The Intersection of Organizational Threats and Process Design

What does Cybersecurity and Network Defense have to do with Process Design and Organizational Operations? A Whole Lot….

The identification of threat actors is a major part of any cybersecurity job. In order to protect against harm to your organization, you need to identify those who would harm it. The identification and classification of threat actors is covered in Objective 1.3 for the CompTIA Security+ Exam.

As I was going through this section, one thing that struck me was that this area meshes directly with a few other interests of mine: Process Design and Organizational Operations. 

You see, it isn’t just hackers or Nation States (Advanced Persistent Threats) or competitors who are external to your network you need to worry about if you are working in the cybersecurity field. If you are just focused on keeping the outside actors out of your network, you are missing half of your job. Your job is to keep your organization’s data secure, and that includes protecting your organization from data loss that originates inside your own organization.

Sure, you have to think about disgruntled employees who may purposefully remove data from your network. That’s why most organizations will block things like Google Drive or DropBox from being accessed by their network resources. But most data loss from networks isn’t malicious; it’s a result of employees who are simply trying to get their work done who take risky short-cuts.

Where Process Design and Cybersecurity Meet

It can be incredibly easy as a Cybersecurity professional to prevent data loss by adding more processes. More authentication points. More approvals. More bureaucracy. You can add all of these things and then rest under the illusion that your network and your data is secure. You can impress the auditors by listing off all of the tools and hoops you have put in place to prevent data loss.

But you have a huge blind spot: Your Employees, who still need to be able to do their job. Most employees are not threat actors in the nefarious sense. They don’t want to put the organization at risk. But they have a very different set of motivators in place. They need to be able to get their jobs done. In some cases they’ve got productivity goals they are under pressure to meet by their bosses. They need to be able to meet those goals and keep their managers happy.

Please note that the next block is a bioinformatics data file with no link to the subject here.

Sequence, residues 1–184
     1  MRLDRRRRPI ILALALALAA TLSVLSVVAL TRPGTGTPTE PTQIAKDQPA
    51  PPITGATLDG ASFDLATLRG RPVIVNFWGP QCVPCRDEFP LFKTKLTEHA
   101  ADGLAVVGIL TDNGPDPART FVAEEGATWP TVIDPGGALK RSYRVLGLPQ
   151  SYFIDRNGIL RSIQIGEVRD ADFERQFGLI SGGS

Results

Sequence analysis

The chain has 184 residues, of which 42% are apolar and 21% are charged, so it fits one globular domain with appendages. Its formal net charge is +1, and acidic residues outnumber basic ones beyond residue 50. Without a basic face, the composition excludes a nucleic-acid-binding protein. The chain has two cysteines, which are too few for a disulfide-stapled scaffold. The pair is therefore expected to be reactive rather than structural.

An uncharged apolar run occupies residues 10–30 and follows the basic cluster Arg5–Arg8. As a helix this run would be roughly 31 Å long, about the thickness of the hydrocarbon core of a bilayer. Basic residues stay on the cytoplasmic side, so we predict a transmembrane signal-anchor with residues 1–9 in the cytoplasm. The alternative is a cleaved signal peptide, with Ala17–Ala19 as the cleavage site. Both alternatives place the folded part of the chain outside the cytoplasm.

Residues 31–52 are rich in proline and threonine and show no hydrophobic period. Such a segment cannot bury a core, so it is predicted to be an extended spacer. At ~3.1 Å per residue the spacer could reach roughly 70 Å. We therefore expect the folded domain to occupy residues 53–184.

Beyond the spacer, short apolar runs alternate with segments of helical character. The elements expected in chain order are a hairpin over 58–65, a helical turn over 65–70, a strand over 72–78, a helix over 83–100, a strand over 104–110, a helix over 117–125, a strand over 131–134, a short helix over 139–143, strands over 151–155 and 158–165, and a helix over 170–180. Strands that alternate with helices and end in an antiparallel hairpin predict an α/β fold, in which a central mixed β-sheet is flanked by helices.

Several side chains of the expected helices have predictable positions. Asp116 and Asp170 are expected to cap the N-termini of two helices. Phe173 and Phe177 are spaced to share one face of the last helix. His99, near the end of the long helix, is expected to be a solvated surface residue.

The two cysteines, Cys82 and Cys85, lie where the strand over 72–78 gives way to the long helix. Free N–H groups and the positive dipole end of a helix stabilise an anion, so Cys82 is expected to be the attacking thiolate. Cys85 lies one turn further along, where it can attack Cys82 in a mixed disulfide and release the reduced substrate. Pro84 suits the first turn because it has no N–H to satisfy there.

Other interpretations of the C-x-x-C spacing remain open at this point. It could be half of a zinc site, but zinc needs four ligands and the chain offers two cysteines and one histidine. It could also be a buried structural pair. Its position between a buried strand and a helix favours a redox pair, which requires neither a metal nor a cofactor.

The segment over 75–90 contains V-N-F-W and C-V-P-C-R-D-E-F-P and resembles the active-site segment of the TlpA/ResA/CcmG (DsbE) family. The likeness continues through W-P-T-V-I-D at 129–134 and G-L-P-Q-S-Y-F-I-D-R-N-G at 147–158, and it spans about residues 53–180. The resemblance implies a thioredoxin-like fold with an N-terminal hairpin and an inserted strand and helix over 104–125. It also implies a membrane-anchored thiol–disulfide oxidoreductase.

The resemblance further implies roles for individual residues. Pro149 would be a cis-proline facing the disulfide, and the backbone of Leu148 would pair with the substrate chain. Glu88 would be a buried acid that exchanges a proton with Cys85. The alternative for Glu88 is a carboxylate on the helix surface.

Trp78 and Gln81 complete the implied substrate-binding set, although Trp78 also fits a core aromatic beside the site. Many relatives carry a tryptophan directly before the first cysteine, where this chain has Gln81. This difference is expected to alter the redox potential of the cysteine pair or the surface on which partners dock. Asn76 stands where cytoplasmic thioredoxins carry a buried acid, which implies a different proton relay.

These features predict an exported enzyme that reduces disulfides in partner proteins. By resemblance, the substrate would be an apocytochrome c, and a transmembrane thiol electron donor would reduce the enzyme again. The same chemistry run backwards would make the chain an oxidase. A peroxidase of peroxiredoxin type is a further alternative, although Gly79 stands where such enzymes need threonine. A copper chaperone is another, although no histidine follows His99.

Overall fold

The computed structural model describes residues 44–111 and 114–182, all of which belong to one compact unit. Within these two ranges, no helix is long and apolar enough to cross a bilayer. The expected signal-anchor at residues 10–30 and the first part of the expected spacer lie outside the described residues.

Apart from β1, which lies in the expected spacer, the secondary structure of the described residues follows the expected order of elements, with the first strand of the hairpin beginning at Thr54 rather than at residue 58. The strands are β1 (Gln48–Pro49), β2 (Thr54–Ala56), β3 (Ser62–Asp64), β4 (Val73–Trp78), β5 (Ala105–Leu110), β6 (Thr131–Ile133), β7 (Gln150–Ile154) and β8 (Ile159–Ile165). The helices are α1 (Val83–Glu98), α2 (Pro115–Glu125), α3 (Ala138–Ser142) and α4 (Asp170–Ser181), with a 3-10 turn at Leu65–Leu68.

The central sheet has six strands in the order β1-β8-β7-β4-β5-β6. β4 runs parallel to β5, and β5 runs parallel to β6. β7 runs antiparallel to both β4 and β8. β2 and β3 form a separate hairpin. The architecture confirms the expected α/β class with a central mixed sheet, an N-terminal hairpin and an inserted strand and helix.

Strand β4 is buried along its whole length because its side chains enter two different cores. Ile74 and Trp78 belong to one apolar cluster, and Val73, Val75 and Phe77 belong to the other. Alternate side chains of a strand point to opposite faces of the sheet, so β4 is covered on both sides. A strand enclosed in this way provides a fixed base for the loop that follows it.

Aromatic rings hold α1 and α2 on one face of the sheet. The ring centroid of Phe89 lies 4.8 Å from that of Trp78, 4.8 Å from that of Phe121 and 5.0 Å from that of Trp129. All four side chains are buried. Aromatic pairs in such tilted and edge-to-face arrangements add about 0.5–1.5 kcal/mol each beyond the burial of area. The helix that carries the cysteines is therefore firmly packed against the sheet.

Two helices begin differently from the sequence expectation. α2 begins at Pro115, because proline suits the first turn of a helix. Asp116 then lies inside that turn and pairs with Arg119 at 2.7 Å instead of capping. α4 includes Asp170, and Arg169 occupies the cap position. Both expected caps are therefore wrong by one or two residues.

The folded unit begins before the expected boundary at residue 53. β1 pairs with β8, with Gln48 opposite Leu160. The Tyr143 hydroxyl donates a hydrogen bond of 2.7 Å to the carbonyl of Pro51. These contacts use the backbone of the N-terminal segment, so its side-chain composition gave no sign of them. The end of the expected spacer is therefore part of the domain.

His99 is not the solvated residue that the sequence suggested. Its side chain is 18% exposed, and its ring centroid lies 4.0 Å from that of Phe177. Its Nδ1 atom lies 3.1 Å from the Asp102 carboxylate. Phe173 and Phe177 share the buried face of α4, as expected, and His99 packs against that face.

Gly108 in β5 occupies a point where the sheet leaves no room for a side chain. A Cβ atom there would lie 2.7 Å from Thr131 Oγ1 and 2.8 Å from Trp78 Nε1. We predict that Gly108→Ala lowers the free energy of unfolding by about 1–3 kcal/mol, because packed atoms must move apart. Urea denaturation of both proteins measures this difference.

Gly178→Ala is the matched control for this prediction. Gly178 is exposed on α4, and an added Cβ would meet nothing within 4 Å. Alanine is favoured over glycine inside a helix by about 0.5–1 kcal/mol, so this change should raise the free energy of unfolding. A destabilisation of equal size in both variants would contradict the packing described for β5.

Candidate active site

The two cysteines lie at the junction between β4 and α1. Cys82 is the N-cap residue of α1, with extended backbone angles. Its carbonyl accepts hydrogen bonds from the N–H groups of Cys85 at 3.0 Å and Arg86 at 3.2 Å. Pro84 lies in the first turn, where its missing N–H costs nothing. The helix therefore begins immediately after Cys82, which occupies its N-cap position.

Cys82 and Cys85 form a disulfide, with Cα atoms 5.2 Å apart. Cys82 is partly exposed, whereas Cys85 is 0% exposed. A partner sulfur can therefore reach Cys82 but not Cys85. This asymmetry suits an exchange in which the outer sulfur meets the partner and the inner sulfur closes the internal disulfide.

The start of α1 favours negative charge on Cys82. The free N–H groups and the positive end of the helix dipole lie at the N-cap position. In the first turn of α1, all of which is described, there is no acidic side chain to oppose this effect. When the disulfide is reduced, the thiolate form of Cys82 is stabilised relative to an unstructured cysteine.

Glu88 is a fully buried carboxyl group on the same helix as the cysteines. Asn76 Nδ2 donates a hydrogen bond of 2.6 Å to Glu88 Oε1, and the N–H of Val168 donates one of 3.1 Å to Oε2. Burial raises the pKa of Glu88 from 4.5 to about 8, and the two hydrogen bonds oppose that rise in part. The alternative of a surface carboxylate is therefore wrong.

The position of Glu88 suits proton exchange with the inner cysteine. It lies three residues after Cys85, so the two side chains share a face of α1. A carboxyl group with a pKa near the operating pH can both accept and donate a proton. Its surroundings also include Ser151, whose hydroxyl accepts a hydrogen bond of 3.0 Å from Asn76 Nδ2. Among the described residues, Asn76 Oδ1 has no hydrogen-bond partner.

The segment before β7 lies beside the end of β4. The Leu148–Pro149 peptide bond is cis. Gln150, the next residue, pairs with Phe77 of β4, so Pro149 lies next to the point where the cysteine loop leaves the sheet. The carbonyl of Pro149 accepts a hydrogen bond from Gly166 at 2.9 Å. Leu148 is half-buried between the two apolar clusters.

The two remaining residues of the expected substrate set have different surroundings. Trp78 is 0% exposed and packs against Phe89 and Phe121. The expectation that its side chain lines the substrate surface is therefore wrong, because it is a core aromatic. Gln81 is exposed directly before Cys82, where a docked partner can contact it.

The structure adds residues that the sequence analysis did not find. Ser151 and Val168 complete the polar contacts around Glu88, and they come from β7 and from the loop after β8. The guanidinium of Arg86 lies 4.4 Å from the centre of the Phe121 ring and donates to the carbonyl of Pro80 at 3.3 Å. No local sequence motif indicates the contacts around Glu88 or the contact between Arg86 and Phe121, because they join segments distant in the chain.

And if your security procedures, piled on top of them in a willy-nilly fashion slow them down…they will find work arounds. This opens up your organization to the risk of data loss, but it’s perfectly understandable why that would occur if you look at the organization holistically.

This is where cybersecurity professionals need to fully understand how the different pieces of the organization function, and how to best protect the organization from data loss without creating a process that is unsustainable. Just because a tool is the latest and greatest doesn’t necessarily mean it should be brought into your organization if you have already mitigated that risk through other means.

Don’t add more risk to your organization by forcing your employees to go around your checkpoints just to get their work done. Work with them to understand what they need to do, what their needs are, and then work together to design a comprehensive policy that will both protect the organization AND allow your employees to do their jobs.

After all…if they can’t do their jobs, the organization won’t survive. And if the organization doesn’t survive, what have you got left to defend?

To quote Red Green, “We’re All In This Together!”

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